A United Nations Human Rights Council report claims Alberta’s “Tar Sands” are poisoning kids, keeping First Nations people impoverished, and are responsible for missing and murdered Indigenous women. The report also alleges that oilsands companies may be implicated in other human rights abuses.
Current UN Human Rights Council members include Bolivia, China, Côte d'Ivoire, Cuba, France, Gabon, Malawi, Mexico, Nepal, Pakistan, Russian Federation, Senegal, Ukraine, United Kingdom and Uzbekistan.
According to a report in Blacklock’s:
“Environmental injustice persists in Canada,” said a report to the United Nations Human Rights Council: “The health risks posed to Indigenous peoples by the multibillion-dollar oil sands industry are another example of concerns. Fort McMurray, Fort MacKay and Fort Chipewyan paint a disturbing picture of health impacts of the oil sands, i.e. tar sands, that were not properly investigated for years despite increasing evidence of health impacts on local communities.”
“Fort Chipewyan was repeatedly raised as having alarming health trends,” said the report. “The situation with the oil sands cannot be divorced from the troubling Trans Mountain Pipeline Expansion Project, strenuously opposed by many.”
The UN report, without evidence, insinuates that missing and murdered Indigenous girls and women were victims of retribution for blowing the whistle on the oil and gas industry:
“Reports were received that Indigenous women have gone missing after alleging health impacts from oil sands operations,” “The chilling effects of such actions can be telling of a trend to preserve the status quo.”
A 2015 RCMP study found that 70% of murdered Indigenous women were killed by Indigenous men.
The report to the Human Rights Council was written by Baskut Tuncak, a Turkish investigator who conducted a 2019 eight stop tour of Canada, visiting Vancouver, Edmonton, Fort McMurray, Kenora’s Grassy Narrows First Nation, Sarnia, Ottawa, Toronto and Montréal. Tuncak’s report was submitted to the UN on October 2.
Tuncak’s report also alleged that oilsands production over-exposed First Nation’s kids to toxins:
“Concerning the oil sands industry, between 2010 and 2014 some substances were present in the air in concentrations exceeding provincial health thresholds, elevating the likelihood of adverse health impacts” and that “children ingest ‘acceptable’ traces of harmful pesticides in food”, and are “exposed to air pollution such as particulate matter at home, in school and outdoors.”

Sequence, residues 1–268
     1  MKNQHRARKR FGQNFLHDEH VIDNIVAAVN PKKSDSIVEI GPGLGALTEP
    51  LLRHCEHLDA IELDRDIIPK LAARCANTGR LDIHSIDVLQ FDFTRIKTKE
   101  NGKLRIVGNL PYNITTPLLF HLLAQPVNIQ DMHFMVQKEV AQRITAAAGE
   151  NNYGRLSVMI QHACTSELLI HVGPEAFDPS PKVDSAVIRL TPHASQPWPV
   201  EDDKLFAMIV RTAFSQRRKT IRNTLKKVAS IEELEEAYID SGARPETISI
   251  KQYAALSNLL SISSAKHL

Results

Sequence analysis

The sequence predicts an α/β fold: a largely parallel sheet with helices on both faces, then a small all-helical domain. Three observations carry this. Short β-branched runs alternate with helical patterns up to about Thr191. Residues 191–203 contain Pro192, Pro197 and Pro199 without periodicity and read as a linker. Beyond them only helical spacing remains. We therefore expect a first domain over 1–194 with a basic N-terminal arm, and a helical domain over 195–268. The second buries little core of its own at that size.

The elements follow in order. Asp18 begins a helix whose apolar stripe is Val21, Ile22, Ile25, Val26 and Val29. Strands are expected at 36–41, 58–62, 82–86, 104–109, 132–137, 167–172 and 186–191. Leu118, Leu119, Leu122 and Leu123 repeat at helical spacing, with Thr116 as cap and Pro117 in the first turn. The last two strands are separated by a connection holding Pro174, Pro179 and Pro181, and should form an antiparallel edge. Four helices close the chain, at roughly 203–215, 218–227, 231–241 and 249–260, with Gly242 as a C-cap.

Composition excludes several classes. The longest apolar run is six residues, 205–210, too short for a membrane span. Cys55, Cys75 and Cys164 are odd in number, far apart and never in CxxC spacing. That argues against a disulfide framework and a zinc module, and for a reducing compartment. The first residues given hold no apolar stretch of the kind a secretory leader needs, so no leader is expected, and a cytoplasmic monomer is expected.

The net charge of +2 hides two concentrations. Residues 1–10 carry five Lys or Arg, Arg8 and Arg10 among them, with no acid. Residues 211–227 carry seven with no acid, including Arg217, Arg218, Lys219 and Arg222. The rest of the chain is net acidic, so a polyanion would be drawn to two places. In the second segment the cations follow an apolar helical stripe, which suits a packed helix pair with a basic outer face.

However, the air quality in Fort McMurray consistently receives better health ratings than Istanbul, the capital of Turkey.
Tuncak’s report claimed First Nation’s communities in and around Fort McMurray are suffering higher than average poverty rates:
“Some Indigenous peoples amidst the oil sands in Alberta are living in relative poverty, which points to whether the industry is really as beneficial to the communities as has been postulated.”
This allegation is discredited by Statscan data compiled by the Alberta Government’s Canadian Energy Center, which demonstrated members of First Nations bands in Alberta’s oilsands region typically fare better economically than Indigenous people anywhere else in the country:
One First Nation, Fort McKay, which is significantly involved in the oil sands, shows a median employment income of $61,248—over $7,800 higher than the equivalent figure for all Canadians ($53,431). The median employment income in Fort McKay is also higher than that for all citizens in nine of ten provinces.
Fort McMurray First Nation shows a median income ($52,480) above those of five provinces (Manitoba, Nova Scotia, Quebec, New Brunswick and Prince Edward Island).
Three of the First Nations (Fort McKay, Fort McMurray, and Chipewyan Prairie) show median employment incomes above those for all reserves in Canada ($35,676), though Chipewyan Prairie First Nation at $35,776 is only marginally above the Canada-wide median.
The median employment income for those of Aboriginal ancestry who work in oil and gas extraction and in pipeline transportation is $144,034 and $142,883 respectively.
According to Blacklock’s, Tuncak’s report did not contain any rebuttal from federal or Alberta regulators, however, the report did call on Parliament to “recognize the right to a healthy environment” under the Charter Of Rights And Freedoms.